A young couple in my Chi Alpha Bible study is brave. Not knowing where the money will come from next year, she continues to sign up for classes and focus on her pre-med degree. He works a job that he’s not passionate about in order to support his wife and make ends meet.

I’m realizing that maybe bravery isn’t just reserved for the mission field.

Maybe bravery and trust is a common theme because that’s exactly what we need.

Maybe being courageous is another every day choice.


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Courage is leaving a wonderful home and loving family to start a new life on my own.

Courage is going to a school where I’m not the smartest and am challenged every day.

Courage is asking God for the big miracles that seem impossible in the lives of my friends.

Courage is approaching God’s throne for the little things and the every day routine.

Hebrews 4:16 — “Therefore let us draw near with confidence to the throne of grace, so that we may receive mercy and find grace to help in time of need.”

Courage is pressing forward in the wake of suicide.

Courage is choosing to see people as more than statistics.

Courage is loving people even when I know they are going to leave my life soon.

Courage is trusting God to multiply the time I spent opening up my room to friends, instead of doing my history reading.

Courage is sharing my pain with friends when all I want to do is roll into a ball.

Courage is seeking out support when my family isn’t there to hold me.

Psalms 27:14 — “Wait for the LORD; Be strong and let your heart take courage; Yes, wait for the LORD.”

Courage is being an open Christian on a secular campus.

Courage is studying hard for finals.

Courage is also choosing not to stress and allowing my mind and body to rest.

(And maybe courage is taking a break from studying to write a blog post that God laid on my heart.)

Psalm 62:5 — “Yes, my soul, find rest in God: my hope comes from him.”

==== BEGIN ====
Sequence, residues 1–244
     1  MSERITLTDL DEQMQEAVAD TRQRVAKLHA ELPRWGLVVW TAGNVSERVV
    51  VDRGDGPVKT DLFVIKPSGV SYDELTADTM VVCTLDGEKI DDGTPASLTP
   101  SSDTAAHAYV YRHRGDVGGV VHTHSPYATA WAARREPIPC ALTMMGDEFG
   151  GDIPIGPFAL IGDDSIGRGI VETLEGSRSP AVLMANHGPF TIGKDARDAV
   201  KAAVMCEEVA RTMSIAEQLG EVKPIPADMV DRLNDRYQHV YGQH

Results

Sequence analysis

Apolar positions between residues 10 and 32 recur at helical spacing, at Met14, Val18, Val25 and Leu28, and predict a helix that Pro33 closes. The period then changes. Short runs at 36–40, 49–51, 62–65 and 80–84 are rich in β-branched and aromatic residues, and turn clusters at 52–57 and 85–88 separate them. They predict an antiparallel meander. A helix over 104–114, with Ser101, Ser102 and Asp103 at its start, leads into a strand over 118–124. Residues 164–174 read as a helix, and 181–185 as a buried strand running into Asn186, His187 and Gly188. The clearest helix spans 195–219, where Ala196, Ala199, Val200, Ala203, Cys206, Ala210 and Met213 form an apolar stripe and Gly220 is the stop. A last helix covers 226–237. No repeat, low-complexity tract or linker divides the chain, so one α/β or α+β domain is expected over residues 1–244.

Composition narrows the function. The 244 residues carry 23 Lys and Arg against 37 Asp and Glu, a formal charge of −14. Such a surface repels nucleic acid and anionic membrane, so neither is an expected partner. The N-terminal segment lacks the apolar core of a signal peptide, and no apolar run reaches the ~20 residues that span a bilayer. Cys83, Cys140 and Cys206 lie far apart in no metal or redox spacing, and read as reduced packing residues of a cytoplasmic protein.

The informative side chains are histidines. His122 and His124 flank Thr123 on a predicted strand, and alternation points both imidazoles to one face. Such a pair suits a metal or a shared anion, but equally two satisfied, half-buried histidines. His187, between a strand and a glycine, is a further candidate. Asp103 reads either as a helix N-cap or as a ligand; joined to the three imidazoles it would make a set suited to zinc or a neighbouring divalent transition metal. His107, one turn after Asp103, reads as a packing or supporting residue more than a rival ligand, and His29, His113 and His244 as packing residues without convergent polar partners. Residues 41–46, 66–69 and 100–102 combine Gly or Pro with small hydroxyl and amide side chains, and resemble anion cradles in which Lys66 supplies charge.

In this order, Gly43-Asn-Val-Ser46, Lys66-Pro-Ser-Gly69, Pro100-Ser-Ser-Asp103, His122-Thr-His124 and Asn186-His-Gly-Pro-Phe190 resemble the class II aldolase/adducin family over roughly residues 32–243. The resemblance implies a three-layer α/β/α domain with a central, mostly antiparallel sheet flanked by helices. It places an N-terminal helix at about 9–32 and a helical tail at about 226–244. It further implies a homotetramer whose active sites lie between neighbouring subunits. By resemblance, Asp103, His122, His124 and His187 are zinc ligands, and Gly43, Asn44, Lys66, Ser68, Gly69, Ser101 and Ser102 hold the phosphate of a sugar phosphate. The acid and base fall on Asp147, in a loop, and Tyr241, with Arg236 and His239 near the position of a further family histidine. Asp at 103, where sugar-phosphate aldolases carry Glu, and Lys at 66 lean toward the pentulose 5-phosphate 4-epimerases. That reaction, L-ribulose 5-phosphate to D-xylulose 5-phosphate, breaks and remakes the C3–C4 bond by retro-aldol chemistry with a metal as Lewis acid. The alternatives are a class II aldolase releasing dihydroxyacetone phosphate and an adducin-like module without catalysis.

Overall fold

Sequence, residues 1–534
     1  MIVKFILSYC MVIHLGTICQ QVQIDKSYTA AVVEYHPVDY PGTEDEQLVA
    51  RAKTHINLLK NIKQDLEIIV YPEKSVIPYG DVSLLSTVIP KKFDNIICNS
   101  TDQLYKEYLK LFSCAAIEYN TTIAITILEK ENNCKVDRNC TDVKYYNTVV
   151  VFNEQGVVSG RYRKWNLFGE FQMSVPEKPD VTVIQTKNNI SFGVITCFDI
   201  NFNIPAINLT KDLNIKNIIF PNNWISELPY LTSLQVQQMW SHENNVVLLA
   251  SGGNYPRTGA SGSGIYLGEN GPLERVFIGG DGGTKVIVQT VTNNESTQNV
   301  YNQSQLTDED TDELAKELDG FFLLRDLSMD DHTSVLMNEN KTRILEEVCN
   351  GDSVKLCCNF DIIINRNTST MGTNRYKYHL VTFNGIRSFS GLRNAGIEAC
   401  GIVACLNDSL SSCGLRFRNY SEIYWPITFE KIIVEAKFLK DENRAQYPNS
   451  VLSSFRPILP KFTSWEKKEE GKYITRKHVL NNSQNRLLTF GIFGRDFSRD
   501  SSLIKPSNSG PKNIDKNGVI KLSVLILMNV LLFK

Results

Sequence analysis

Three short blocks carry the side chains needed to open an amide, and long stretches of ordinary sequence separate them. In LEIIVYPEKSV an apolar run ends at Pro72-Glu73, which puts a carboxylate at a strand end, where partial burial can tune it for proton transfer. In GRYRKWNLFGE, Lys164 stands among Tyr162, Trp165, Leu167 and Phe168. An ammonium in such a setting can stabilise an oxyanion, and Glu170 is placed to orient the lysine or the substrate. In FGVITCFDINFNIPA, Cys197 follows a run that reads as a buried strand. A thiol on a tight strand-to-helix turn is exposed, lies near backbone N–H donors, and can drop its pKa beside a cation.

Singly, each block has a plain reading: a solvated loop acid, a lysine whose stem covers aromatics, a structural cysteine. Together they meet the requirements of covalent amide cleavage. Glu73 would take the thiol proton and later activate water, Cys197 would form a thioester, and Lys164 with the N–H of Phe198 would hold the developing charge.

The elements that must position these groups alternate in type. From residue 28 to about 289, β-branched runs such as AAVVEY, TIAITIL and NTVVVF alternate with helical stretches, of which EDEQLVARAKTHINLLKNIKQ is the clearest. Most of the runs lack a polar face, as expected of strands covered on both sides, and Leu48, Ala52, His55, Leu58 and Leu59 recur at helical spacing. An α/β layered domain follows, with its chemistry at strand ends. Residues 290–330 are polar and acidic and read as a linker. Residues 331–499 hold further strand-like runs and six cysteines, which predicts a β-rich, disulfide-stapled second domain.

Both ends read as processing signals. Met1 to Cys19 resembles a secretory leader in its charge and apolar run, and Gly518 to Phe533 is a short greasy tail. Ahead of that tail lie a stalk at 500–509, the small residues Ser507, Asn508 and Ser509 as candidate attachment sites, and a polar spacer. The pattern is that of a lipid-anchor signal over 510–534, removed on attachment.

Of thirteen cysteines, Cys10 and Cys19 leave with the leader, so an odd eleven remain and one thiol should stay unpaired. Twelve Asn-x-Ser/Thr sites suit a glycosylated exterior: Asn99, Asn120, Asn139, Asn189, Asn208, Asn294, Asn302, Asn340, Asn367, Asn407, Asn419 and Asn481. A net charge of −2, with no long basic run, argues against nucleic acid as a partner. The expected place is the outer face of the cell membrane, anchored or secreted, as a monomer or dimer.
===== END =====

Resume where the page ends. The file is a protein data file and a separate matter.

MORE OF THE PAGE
Don’t belittle your life and the calling you are living out. Don’t belittle the daily struggles and the small victories. There’s a reason why our worship leaders are singing about bravery, trust, going deeper, and being overwhelmed — Living life takes a good dose of bravery, on the regular.

Tripping Through Life*

I’ve recently been receiving comments on social media… “W&M cover girls!!” “You guys are the cutest.” “You’re cool.” “Ahhh why are you so perfect?” “You are perfection my dear!”

And from looking on my Instagram or my Facebook, those comments are pretty convincing. My life looks great. I am surrounded by friends. I’m going on cool adventures. My fashion is on point. For example…

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That’s not me. Yeah, that’s me on my good days. I live a pretty great life. I’m having some incredible moments and doing some super cool things. I have wonderful friends, and I am living in a beautiful place. But that’s only part of the picture. I’m here to set the record straight.

You don’t see me when I am hunched over my laptop, furiously writing a paper I procrastinated too long on.

You don’t see me when I am sprint-walking across campus to reach a class just barely on time, because I was finishing a last-minute assignment or slept too late.

Or when I miss an event to help with a local elementary school’s field day.

Or when I am running into the cafeteria 15 minutes before a class.

Or when I am so exhausted that I can’t think straight.

Or when I am so overwhelmed that I want to cry.

Or when I hate the world so much that I want to curl up into a ball and never talk to anyone ever again.

Or when I am so homesick that I think my heart might just shatter.

Or when I am in the middle of a panic attack, taking deep breaths.

Or when I am so stressed that I withdraw into a grey study room for hours.

Or when I am ranting on the phone to my mom.

Or when I’m such a mess that I can’t think straight or talk English.